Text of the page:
[Air-L] My letter to Monica Hesse at the Post (was: snide, , cute...)

Alex Halavais alex at halavais.net
Mon Dec 17 07:25:02 PST 2007

I guess I agree with Bill: it's bad, but it could have been worse.
It's hard not for the cheap retrenchment of stereotypical views of
academia not to chafe, but I'm sure people in other fields feel the
same way when they are covered. That said, three things are
particularly troubling:

First, there is an implicit criticism of our use of convoluted
language. I think it is not uncommon for academic language to be
unnecessarily complex, and so this is--broadly speaking--a fair
criticism. Some scholarly work could probably be improved with a dose
of journalistic writing. (This is not a veiled criticism of any single
writer, and certainly not any of those quoted in this article.) I
think we owe it to a wider public to write in a style that is as
accessible as possible.

But--and here's the rub--it should be as accessible as possible while
still remaining precise. The problem with dumbing down the language,
as journalists often do, is that it dumbs down the meaning as well. In
that regard, journalists could take a page out of our book; when it
comes to writing about complex issues, sometimes less isn't more. The
real problem that the article turns on is one that often comes up in
studying social phenomena: it seems strange to be so *serious* and use
such *big words* about something as "trivial" as Facebook. If it were
quantum physics, then sure, convoluted language would be expected, but
social stuff is easy! I think we probably play into this when we talk
to reporters because we try to simplify some of the issues to make
their work easier. Maybe we should be making a concerted effort to be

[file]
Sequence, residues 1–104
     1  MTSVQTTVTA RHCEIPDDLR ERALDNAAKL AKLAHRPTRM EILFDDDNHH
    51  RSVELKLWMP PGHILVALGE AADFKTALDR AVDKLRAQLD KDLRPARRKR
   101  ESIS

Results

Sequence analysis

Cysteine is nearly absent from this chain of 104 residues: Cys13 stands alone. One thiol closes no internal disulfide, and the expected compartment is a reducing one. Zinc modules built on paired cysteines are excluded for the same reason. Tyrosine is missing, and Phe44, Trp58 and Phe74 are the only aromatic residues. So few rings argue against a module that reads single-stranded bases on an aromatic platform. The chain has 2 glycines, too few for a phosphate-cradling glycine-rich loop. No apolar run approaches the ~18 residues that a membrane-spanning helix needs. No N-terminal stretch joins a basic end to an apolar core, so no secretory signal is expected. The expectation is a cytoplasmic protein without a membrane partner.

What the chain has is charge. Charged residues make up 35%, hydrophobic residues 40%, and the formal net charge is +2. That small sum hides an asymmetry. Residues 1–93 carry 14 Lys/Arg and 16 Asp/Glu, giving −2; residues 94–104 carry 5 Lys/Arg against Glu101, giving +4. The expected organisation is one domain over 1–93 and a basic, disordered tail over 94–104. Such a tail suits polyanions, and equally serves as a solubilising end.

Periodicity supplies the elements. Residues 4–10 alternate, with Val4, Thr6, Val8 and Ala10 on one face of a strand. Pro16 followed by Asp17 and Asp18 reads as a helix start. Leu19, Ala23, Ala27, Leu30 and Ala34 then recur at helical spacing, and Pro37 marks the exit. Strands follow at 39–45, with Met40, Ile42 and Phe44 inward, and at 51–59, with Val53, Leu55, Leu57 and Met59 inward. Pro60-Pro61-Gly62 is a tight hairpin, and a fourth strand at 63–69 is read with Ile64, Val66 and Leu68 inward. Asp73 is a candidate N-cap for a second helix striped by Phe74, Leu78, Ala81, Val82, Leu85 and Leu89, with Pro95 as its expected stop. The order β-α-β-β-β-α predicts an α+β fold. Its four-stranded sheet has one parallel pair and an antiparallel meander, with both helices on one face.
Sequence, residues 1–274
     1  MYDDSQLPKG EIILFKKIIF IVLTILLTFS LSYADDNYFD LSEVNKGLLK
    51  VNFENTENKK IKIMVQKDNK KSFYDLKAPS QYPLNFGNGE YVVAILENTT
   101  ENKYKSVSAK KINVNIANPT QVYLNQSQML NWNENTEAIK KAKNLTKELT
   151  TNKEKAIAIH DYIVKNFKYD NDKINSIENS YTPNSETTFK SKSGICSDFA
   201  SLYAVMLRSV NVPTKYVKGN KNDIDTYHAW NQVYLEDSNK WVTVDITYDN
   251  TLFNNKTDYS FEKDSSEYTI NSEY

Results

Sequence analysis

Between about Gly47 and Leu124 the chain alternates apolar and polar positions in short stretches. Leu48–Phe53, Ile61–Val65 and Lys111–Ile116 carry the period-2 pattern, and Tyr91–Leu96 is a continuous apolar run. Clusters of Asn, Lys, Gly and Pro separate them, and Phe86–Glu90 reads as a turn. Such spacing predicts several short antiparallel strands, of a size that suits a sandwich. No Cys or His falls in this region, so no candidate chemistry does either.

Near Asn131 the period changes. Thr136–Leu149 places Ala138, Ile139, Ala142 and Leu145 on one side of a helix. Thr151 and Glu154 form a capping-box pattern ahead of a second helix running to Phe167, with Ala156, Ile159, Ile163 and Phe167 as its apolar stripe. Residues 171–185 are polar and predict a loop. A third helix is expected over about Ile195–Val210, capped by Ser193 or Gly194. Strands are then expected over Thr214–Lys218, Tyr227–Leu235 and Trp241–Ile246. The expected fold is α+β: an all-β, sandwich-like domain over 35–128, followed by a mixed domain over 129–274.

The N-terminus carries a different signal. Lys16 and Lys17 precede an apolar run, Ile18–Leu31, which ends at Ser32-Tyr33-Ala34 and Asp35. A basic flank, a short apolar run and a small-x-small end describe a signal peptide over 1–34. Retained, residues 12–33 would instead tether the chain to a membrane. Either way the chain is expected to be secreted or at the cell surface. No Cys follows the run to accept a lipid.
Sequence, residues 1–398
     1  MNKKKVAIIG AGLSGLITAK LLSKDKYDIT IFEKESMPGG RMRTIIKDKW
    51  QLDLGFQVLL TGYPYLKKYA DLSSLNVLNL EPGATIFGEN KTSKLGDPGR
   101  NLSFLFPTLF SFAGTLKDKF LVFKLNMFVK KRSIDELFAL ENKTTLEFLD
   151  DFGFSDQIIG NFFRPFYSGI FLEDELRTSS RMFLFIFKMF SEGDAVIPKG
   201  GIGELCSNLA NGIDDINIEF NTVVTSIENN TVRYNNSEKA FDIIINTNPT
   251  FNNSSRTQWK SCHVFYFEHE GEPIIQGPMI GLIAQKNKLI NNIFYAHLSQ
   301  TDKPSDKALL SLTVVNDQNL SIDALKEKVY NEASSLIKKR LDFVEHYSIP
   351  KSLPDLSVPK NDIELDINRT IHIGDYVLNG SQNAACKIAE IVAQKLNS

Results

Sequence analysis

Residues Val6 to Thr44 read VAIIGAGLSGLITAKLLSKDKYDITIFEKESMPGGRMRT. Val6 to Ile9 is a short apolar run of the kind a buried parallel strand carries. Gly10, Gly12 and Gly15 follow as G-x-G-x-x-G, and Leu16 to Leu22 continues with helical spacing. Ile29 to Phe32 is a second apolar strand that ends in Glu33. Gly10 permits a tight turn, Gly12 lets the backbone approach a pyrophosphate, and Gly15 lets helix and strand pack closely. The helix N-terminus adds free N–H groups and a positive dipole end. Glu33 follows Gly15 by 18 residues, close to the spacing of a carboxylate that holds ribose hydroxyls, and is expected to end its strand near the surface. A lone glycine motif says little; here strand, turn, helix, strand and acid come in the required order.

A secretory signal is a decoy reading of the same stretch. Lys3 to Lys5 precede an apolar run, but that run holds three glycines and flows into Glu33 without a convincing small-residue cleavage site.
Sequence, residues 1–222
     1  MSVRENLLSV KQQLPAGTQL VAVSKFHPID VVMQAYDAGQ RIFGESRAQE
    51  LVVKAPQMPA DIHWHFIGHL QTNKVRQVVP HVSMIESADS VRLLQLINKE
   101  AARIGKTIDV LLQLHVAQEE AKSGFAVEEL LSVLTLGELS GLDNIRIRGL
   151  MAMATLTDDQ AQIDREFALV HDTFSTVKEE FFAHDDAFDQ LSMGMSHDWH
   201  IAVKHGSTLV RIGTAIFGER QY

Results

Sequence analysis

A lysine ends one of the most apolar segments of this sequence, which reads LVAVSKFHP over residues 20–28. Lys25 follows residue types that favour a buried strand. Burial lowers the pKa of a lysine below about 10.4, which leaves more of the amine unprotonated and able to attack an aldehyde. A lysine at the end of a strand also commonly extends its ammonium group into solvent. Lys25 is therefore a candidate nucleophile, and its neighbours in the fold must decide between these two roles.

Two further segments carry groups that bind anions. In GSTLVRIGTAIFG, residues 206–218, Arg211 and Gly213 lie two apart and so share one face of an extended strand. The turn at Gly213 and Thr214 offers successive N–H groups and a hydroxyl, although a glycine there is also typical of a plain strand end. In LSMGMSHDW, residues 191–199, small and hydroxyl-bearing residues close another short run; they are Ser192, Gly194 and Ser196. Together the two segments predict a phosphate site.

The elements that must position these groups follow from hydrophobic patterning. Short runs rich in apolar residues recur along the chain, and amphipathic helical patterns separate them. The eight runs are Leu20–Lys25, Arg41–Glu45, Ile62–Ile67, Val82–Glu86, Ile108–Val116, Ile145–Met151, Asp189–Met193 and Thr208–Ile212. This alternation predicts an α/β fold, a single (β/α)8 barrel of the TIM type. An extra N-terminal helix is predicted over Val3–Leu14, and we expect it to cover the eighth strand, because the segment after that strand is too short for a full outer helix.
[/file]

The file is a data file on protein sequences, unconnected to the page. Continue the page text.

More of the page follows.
clear: the issues are complicated, and sometimes that is reflected in
the way we write. It's unfortunate that Hesse took the easy path in
this article, and played into the most obvious angle ("aren't
academics odd?") rather than the more interesting "what appears to be
just technological fashion might actually be a serious shift in how
society works."

Second, and as Barry already mentioned, she wrongly implies that
co-citation among a group of scholars in a topic area is unusual or
somehow incestuous, which belies a lack of understanding of how
scholarly communication works, and passes this lack of understanding
on to her readers.

Finally, I am very bothered by the use of an anonymous "professor" to
criticize the way danah works, both because it isn't clear whether the
person said this, and it isn't clear who that person is. All of us
should be open to criticism, and it's worth talking about how we
communicate research to our peers. If a professor actually said this
("don't print my name because the cliquishness of academia makes it
hard to criticize my peers publicly") , I don't think that he or she
represents the ideals of our community very well. I don't know where
the reporter hangs out, but "seething resentment" has never been an
emotion I have associated with the scholarly world. I get it; it's
journalism informed by MTV's "The Real World"--play up the conflict,
and if it isn't there, manufacture it. But this kind of writing is
more appropriate to the National Enquirer than it is to the Post.



On Dec 17, 2007 3:30 AM, Bill Herman <bherman at asc.upenn.edu> wrote:
> Two points stick out for me. First, while I agree this piece was
> definitely not up to snuff (the comment that all of us save danah have
> so little expertise that a reporter could exhaust it for a newspaper
> story is just laughable), I'm scared to say that it may be better than
> most of what the print world writes about the internet. For starters,
> she actually looked up and cited something from the internet, including
> the author's name--unjustified mockery notwithstanding.

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// Alexander C. Halavais
// Social Architect
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